Emergency contraception: What the debate's about
June 8, 2005
Advocates of emergency contraception say easier access to the drugs could greatly reduce the number of unintended pregnancies — estimated at nearly half of all pregnancies in the United States — and have already significantly helped reduce the abortion rate.
Among that group are the American College of Obstetricians and Gynecologists, the American Academy of Family Practice and a host of women’s, pro-choice and privacy- rights groups.
Opponents of emergency contraception say it is abortion and that easy access to it could lead to sexual promiscuity. Among that group are right- to-life organizations, Christian conservatives and the Roman Catholic Church, which opposes all contraception.
Morning-after pills are not the same thing as the drug RU-486. That drug, not available in the United States or on overseas military bases, can end a pregnancy of up to five weeks, when an embryo is about the size of a grain of rice, by causing alterations in the uterine lining.
But some on the religious right say they believe a fertilized egg is a human life, due the same protections as a human being. For them, anything that interferes with the egg’s ability to implant is abortion.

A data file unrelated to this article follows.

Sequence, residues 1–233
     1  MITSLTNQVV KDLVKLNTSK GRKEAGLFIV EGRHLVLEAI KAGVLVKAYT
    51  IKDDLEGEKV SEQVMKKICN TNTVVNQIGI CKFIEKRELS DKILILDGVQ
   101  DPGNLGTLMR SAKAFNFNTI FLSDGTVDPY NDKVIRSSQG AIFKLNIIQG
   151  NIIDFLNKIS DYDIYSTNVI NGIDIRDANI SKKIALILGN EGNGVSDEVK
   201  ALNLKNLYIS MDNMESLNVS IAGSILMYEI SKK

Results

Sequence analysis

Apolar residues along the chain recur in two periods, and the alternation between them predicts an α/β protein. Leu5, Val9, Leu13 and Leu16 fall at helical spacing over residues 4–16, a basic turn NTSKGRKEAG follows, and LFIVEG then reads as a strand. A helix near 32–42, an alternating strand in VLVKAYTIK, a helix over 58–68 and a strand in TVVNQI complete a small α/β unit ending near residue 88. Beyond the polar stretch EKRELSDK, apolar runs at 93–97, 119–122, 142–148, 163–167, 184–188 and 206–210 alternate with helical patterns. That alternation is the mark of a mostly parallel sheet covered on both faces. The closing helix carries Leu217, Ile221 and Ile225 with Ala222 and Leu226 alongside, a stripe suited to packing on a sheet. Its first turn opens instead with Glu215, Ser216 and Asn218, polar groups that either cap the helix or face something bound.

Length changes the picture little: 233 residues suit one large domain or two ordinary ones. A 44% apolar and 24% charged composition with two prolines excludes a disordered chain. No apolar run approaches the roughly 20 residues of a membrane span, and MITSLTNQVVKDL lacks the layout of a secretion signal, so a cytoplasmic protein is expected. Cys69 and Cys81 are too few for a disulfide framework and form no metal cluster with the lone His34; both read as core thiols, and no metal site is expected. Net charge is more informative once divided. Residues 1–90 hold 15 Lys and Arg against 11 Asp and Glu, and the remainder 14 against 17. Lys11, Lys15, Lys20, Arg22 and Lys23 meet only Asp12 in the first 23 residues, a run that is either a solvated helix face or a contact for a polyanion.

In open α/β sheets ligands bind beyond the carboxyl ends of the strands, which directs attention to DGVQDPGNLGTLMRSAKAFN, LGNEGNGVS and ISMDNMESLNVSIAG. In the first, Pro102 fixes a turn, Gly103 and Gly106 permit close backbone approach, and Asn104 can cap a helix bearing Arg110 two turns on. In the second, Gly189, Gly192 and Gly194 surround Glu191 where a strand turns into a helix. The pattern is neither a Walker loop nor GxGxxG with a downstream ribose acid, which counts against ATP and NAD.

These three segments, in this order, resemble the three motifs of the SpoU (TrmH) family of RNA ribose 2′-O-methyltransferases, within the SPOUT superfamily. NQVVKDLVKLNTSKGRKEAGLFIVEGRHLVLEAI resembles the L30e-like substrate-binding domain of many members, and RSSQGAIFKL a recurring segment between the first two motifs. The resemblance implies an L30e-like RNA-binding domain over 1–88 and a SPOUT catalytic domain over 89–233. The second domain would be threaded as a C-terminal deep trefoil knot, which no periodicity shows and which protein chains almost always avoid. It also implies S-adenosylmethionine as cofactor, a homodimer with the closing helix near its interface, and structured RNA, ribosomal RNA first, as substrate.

Both Plan B and the older forms of emergency contraception use the same hormones as standard birth control pills and, experts say, work exactly the same way. They all are thought to suppress ovulation, prevent fertilization and inhibit implantation.
Emergency contraception is most effective if taken within 24 hours to 72 hours of unprotected intercourse. Still, they are less effective than the standard regimen of birth control pills, which are more than 99 percent effective in preventing pregnancy. That’s one reason why they are not recommended as a routine form of birth control.
However, the American College of Obstetrician and Gynecologists recommends that women get emergency contraception to keep on hand before they need it, in the case of regular contraception failure, unprotected sex or sexual assault.
Doctors have known since the 1960s that a stronger dose of birth control pills could help prevent pregnancy but it was not routinely prescribed and few women knew it was an option. In 1997, the Federal Drug Administration approved commonly used birth control pills as being safe and effective for use as emergency contraceptives.
Two years later, the FDA approved Plan B for doctors to prescribe as an emergency contraceptive. Since then, the specially packaged drug, consisting of two tablets to be taken 12 hours apart, has become the preferred method of emergency contraception.